Why Would a Good God Allow Good Friday?

The name “Good Friday” definitely needs explanation. The events of that day seem anything but good. In fact, they were horrifying. It confuses many people. “Good” refers to the outcome, not the process. If God is good, why would He allow, let alone insist, on such a cruel process?

First, it is important to understand that Jesus was on board for the whole thing. He was not compelled by the Jewish leadership, the Romans, or God. He understood from the beginning that His life was primarily about being a sacrifice for sin. That doesn’t mean that Jesus wouldn’t have preferred another route, if available. The crucifixion was going to be a tough experience, even for the incarnate Son of God.

There was of course, the physical aspect. It starts with a severe beating at the hands of the Roman soldiers. While details are few in the Bible, I expect the depiction in the movie, “Passion of the Christ” was about right. It would appear that the whipping took so much out of Jesus that it actually was the eventual cause of death. Crucifixion would take longer to cause death. In that movie, it was the hardest thing to watch. Imagine though, a troop who has you in their power. They are already antagonized by the claim, “King of the Jews”, even though they didn’t understand it. I expect that were also driven into a sadistic frenzy by Satan’s influence. Satan needs Jesus to use his own power to quit. Enduring such a beating would have presented a great temptation.

Then there is the physical temptation of the crucifixion itself. I can’t imagine what having spikes driven through your ankles and wrists (more likely than hands and feet) would feel like. There are many nerves in those areas.

There was also psychological torture. Mocking, spitting, taunts inviting you to prove yourself, the crying of the women, and the pleas of other criminals on the cross all pressing for Jesus to exercise power to end it.

Believe it or not, that was the easy part. The part that Jesus feared, and that we cannot plumb the depths of the suffering was being forsaken by His father. Jesus knew this was coming. The whipping and taunting were unnecessary. I think Satan urged these on. Physical death is insufficient of itself. The wages of sin is physical death and “spiritual death”, which is being fundamentally and completely separated from God. How this is possible within the Trinity is a mystery. The impact is observable. Jesus cries out, “My God, my God, why have you forsaken me?” Jesus surely knows the answer to this question. He is forsaken to take away the Laws requirement of forsakeness from every human who will be saved. For us, this condition would be permanent. How long for Jesus? We don’t have that information, but the best guess would be that the supernatural darkness corresponds to the forsaken period–three hours.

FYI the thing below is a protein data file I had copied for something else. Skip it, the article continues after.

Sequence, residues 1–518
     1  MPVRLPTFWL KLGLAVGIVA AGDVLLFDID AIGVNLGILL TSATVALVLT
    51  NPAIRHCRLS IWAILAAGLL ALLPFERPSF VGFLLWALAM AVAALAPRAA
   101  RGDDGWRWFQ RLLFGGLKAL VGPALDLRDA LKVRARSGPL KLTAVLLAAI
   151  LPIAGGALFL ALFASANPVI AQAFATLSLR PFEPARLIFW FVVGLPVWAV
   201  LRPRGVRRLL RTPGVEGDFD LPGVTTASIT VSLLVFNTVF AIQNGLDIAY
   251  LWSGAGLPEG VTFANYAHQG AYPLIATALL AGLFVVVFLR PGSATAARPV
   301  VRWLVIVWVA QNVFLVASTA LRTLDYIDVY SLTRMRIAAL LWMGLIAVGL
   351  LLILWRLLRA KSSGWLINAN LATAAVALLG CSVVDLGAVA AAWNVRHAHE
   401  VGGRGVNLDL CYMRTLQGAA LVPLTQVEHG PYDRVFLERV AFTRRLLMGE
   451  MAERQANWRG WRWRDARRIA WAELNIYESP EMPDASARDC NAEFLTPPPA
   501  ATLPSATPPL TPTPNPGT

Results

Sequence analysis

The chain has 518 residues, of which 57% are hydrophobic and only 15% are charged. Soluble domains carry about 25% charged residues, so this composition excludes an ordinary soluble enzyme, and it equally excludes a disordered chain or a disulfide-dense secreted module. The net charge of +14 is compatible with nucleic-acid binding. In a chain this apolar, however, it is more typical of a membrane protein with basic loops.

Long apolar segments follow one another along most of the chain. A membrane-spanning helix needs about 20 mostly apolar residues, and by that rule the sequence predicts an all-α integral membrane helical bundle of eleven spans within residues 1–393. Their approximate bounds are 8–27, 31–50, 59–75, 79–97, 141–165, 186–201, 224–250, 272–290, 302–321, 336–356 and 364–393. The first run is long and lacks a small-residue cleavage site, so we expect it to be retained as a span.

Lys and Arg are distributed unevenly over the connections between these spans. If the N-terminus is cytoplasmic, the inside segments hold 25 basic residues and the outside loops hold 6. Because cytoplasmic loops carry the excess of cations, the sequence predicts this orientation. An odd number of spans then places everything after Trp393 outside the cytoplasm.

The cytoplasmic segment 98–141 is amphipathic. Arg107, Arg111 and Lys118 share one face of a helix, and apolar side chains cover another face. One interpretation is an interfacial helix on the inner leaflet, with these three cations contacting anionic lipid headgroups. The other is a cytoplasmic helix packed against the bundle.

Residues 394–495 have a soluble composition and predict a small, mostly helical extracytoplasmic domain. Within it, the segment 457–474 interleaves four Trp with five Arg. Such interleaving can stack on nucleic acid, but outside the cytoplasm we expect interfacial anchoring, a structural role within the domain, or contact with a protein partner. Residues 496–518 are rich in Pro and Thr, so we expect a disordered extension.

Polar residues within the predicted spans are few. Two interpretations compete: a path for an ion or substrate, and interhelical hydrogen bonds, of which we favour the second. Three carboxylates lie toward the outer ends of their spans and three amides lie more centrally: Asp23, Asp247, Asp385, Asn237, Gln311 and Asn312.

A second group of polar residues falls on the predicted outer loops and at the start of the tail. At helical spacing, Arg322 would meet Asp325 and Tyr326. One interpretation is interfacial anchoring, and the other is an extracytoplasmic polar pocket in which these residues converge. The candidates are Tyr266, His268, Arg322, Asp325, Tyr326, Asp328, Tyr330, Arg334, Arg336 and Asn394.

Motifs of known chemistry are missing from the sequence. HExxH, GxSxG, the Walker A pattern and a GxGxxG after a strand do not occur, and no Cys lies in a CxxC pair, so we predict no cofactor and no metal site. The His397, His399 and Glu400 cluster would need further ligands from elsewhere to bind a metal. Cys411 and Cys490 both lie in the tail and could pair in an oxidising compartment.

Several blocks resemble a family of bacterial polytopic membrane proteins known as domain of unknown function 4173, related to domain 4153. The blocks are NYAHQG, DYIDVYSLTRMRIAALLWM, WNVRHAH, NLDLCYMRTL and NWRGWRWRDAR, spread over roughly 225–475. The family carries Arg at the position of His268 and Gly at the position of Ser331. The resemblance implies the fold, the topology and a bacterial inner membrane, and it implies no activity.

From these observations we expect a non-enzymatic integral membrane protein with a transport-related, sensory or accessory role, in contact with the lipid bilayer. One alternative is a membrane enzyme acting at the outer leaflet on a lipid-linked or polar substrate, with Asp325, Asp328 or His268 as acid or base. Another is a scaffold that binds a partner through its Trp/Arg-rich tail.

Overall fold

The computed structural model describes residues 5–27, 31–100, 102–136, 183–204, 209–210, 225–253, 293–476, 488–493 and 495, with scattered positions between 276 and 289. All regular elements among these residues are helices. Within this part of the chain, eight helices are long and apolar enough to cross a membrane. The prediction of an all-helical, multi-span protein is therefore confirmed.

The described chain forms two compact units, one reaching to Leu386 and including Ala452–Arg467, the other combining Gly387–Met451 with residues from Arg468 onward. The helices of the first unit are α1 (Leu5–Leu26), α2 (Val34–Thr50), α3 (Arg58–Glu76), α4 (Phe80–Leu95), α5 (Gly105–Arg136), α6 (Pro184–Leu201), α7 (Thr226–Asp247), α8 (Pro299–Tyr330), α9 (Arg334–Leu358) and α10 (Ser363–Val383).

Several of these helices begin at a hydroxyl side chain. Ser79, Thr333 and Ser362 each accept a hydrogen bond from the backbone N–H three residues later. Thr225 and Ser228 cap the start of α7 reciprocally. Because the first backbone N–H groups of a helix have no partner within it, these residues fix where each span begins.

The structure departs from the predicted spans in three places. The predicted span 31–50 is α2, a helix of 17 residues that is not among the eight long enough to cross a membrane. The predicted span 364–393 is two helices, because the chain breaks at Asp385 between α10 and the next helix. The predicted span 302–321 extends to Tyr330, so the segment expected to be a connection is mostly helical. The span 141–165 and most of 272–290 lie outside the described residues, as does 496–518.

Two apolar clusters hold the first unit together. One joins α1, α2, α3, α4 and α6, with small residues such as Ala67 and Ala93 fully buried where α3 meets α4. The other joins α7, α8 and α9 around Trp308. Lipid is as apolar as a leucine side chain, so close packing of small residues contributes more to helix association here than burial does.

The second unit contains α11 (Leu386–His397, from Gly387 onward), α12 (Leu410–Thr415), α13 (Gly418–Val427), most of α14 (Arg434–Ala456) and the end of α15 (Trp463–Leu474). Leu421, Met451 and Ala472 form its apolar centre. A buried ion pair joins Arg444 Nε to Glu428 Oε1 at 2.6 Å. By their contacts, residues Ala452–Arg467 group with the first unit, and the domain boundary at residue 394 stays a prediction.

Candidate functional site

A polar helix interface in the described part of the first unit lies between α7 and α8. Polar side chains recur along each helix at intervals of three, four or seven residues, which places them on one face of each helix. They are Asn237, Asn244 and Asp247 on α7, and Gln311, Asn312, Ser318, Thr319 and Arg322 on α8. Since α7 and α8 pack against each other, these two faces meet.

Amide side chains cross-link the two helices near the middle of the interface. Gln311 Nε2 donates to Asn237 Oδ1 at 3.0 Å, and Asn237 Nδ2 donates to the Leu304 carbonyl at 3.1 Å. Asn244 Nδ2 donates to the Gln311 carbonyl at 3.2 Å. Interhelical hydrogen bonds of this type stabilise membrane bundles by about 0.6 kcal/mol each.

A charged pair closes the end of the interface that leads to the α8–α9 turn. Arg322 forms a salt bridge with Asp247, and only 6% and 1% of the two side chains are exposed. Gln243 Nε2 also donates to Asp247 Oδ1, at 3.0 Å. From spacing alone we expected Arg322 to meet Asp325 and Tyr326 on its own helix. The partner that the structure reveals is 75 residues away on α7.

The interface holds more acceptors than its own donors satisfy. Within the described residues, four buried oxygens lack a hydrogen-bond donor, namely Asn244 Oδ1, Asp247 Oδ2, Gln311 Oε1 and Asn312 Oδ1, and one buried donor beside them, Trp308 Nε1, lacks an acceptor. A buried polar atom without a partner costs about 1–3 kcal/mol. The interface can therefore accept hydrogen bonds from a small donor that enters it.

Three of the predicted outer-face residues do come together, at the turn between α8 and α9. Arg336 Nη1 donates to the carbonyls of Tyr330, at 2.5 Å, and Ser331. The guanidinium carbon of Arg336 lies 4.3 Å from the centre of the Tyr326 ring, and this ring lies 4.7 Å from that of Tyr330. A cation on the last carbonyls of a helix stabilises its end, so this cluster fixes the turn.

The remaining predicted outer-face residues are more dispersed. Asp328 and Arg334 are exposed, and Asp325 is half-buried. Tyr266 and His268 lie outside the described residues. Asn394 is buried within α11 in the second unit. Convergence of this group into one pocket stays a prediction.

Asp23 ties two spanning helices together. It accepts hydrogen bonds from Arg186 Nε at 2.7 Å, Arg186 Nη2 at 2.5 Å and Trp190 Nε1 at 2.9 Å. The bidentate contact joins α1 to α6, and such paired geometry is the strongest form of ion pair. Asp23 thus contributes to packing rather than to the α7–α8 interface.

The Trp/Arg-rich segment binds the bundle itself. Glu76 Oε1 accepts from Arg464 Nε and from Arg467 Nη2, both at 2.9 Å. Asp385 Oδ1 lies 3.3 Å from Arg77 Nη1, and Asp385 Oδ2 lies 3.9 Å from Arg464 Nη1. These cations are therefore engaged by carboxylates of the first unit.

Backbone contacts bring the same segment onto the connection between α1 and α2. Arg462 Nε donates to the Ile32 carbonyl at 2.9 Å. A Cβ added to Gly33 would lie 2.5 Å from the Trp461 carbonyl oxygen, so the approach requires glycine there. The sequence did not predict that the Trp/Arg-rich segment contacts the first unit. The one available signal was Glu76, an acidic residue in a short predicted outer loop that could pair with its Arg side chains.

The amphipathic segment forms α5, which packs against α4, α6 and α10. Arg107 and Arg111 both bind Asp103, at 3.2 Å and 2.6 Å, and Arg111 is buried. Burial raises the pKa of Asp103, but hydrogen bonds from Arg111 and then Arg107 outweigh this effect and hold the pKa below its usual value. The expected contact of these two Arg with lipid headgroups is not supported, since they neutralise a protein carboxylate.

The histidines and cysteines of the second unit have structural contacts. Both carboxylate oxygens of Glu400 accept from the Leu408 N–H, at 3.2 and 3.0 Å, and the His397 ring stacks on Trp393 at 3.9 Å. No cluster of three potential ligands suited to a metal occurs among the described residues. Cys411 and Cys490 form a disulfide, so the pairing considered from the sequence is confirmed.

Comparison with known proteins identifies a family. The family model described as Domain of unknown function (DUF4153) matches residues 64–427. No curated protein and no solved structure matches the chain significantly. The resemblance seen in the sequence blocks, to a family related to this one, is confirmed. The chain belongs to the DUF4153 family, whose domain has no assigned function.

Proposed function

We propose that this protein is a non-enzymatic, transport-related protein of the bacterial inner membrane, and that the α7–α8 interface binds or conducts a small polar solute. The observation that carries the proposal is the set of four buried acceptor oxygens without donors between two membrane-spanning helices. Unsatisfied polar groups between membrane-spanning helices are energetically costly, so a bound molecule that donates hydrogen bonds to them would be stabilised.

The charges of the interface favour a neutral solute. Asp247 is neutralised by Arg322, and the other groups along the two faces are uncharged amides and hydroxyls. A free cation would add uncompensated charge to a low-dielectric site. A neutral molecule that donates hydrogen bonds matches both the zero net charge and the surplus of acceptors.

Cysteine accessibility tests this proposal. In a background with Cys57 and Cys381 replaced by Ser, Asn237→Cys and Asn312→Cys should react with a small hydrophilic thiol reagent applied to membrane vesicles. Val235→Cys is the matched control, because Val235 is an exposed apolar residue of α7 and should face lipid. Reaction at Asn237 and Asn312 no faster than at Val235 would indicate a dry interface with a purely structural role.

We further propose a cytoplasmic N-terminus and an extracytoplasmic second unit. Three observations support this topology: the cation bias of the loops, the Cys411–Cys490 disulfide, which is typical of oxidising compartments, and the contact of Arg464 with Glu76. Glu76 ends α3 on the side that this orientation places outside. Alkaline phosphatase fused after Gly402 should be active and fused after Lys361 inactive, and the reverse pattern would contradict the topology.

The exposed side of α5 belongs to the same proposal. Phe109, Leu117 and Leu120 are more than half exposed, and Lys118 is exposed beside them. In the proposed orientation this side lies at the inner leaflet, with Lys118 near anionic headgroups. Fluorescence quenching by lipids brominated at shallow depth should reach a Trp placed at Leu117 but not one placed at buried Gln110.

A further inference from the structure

If there was something necessary about the three hours, then we can see why the Father would not have had His Son endure other forms of capital punishment. All are too quick. Satan also would not have preferred a quick method. The Romans provided the answer.

But why do it at all? Jesus asked several times during his prayer in the Garden of Gethsemane to “take this cup away from me”. We know the answer, but what where the options? God could just unilaterally declare all sin forgiven. Evil would go unpunished. But it would also not be removed from both Heaven and the New Earth. Damnation segregates evil from God’s realm. Physical death eliminates our sinful nature. We start holy and fresh because of Jesus’ ordeal.

While God is a being whose primary quality is love, love is not His only quality. God insists on justice. God lives by “what is written”. God does not change. The judgment for rejecting Him as God was written and fair. If you don’t want God, then you don’t get to share in all the good He creates. Humans were enticed into rebellion. Adam and Eve definitely and willfully rebel. The act of rebellion not only damaged their relationship to God, it changed them genetically. Sin was now a part of human nature. Every human since was not truly possessors of free-will with respect to sin and choosing God. We fail the holiness test from conception. It’s not exactly fair, which is at least part of why God makes the effort on our behalf, I am sure.

The combination of all these qualities leads to the unusual process that Jesus performs. He becomes a similar person to Adam and Eve in the sense that He could by one act impact the whole species, even the majority of creation. God the Father loves His Son, loves human beings, and loves His creation. He wanted them back without failing to fulfill the Law. Jesus’ whole life culminating on Good Friday was the process to make it happen.

As a total aside, it probably didn’t happen on Friday. The early church assumed it was Friday because the next day was a Sabbath (usually Saturday). Apparently they didn’t know there were other types of Sabbaths (days were work was forbidden). This was a special Sabbath (as noted in the Gospel of John) associated with the Feast of Unleavened Bread (see Leviticus 23:7). It would seem that the crucifixion was on Thursday, special Sabbath Friday, regular Sabbath Saturday, and Jesus’ resurrection on Sunday. That would explain why Jesus was “in the tomb” for three days and three nights as noted several places. It is not a big deal that they got the day wrong. They got year zero wrong. I think they got the location of Mount Sinai wrong too. Limited resources.

Jesus got it right. That what matters. Muslims complain that God would never allow this to happen to a prophet. They really don’t understand the Kingdom of God. Love is the thing. Self-sacrifice and serving others are greatness. God not only allowed it, He planned it, and insisted on it; all for the sake of saving us.

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